Delaware Skipper

Delaware Skipper – Anatrytone logan

Delaware Skipper

Live adult Delaware skipper photographed at Allegheny Nat’l Forest, Pennsylvania, USA. Size: 35mm – 40mm wingspan. Skippers are so called because of their usually erratic and frenetic flight patterns; the Delaware skipper is no exception.

Identification: Upper side of forewing is dark on the basal half and lighter on the outer half, with a distinct orange-brown patch at the end of the cell. Male has a costal fold containing yellow scent scales; female has a patch of scent scales on the 7th abdominal segment.

Life history: Males perch in open areas on low shrubs to wait for females. Eggs are deposited singly on the host plant. Fully-grown caterpillars from the second brood hibernate.

delaware skipper

Flight: Two broods from late April to early June and from July to August. Wing span: 1 3/8 – 1 5/8 inches (3/5 – 4.1 cm).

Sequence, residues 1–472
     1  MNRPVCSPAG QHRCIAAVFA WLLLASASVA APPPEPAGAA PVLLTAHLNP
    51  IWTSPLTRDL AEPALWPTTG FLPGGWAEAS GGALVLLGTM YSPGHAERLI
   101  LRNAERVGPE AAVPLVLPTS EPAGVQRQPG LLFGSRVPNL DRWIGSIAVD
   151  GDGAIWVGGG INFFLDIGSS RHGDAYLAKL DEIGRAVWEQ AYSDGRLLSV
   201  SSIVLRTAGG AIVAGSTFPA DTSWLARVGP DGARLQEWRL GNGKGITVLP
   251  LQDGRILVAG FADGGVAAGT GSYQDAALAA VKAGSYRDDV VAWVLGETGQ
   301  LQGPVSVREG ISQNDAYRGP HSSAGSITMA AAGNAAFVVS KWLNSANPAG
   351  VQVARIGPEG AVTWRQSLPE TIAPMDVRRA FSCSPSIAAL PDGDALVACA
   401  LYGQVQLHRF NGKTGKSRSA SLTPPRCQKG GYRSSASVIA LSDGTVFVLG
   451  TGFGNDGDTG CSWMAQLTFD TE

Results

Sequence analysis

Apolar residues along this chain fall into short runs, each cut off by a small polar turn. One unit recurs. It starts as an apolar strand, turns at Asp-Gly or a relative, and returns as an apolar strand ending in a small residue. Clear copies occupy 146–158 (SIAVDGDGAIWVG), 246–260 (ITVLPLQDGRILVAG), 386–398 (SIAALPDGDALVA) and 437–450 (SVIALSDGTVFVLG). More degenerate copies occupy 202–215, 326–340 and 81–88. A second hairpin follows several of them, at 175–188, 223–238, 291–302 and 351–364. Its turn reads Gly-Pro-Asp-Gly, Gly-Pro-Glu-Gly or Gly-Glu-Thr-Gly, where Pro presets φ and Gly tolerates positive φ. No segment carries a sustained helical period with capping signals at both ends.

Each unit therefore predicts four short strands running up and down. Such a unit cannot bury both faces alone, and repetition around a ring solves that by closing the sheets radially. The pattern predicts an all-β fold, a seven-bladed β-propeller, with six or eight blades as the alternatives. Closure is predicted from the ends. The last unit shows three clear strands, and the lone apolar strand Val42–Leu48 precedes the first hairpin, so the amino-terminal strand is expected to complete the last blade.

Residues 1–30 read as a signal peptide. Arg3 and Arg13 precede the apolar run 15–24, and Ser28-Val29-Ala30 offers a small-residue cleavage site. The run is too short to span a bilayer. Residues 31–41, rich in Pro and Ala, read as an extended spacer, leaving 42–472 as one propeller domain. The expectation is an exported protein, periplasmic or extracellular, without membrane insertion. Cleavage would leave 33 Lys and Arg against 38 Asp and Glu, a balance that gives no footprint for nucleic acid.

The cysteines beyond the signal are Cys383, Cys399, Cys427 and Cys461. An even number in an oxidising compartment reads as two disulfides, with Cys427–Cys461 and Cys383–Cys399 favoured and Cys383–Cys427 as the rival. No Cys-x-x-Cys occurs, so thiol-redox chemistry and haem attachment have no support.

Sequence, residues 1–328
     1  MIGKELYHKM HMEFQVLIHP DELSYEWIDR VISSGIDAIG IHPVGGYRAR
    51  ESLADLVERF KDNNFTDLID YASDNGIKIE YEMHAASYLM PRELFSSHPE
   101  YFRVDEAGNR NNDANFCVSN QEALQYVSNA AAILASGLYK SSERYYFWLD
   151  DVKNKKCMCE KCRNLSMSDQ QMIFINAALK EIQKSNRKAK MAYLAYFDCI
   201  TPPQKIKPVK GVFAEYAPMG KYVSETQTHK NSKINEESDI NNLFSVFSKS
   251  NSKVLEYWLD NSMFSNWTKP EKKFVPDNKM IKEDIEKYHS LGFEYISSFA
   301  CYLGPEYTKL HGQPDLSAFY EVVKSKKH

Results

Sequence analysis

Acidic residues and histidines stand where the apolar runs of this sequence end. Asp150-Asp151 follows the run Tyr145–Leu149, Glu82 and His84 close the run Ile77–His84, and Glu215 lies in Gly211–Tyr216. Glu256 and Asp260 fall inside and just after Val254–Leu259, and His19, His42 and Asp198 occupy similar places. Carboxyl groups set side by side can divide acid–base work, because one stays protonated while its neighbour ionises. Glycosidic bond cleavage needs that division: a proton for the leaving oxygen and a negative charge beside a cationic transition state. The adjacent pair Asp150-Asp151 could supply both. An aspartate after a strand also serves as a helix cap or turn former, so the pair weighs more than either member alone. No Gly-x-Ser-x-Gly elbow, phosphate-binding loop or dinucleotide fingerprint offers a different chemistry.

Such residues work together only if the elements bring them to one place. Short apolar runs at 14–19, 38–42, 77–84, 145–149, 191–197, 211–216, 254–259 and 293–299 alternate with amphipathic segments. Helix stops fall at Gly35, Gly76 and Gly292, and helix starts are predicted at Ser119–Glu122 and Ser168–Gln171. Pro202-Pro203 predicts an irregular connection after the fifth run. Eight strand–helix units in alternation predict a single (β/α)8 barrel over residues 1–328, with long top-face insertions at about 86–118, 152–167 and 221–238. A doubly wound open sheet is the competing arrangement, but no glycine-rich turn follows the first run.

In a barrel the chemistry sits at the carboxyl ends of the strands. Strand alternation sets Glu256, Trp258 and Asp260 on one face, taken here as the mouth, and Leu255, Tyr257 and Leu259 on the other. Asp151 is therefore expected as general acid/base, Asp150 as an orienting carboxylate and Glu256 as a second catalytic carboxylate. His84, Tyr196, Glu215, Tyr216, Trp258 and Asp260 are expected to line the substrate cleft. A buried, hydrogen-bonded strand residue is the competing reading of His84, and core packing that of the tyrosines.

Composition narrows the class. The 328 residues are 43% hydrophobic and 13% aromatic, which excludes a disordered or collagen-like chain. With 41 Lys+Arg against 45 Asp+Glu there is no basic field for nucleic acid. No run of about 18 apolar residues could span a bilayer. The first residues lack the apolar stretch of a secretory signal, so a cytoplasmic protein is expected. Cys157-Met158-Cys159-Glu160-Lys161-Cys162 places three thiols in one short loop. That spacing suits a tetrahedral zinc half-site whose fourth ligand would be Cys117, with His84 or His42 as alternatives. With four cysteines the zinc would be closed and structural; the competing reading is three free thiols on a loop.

Caterpillar hosts: Usually wild indigo (Baptisia tinctoria), but also others including wild blue indigo (B. australis), lupine (Lupinus perennis), false lupine (Thermopsis villosa), and crown vetch (Coronilla varia).

Adult food: Nectar from pink and white flowers including swamp and common milkweeds, shrub houstonia, mountain mint, marsh fleabane, sweet pepperbush, buttonbush, thistles, and pickerelweed. Habitat: Moist areas including marshes, prairies, fields, roadsides, suburban yards.

Range: Southern Maine west across the Great Lakes states and southern Canada to central Montana; south to Florida, the Gulf states, Texas, northeastern New Mexico, and the Mexican highlands to El Salvador. NatureServe Global Status: G5 – Demonstrably secure globally, it may be quite rare in parts of its range, especially at the periphery.

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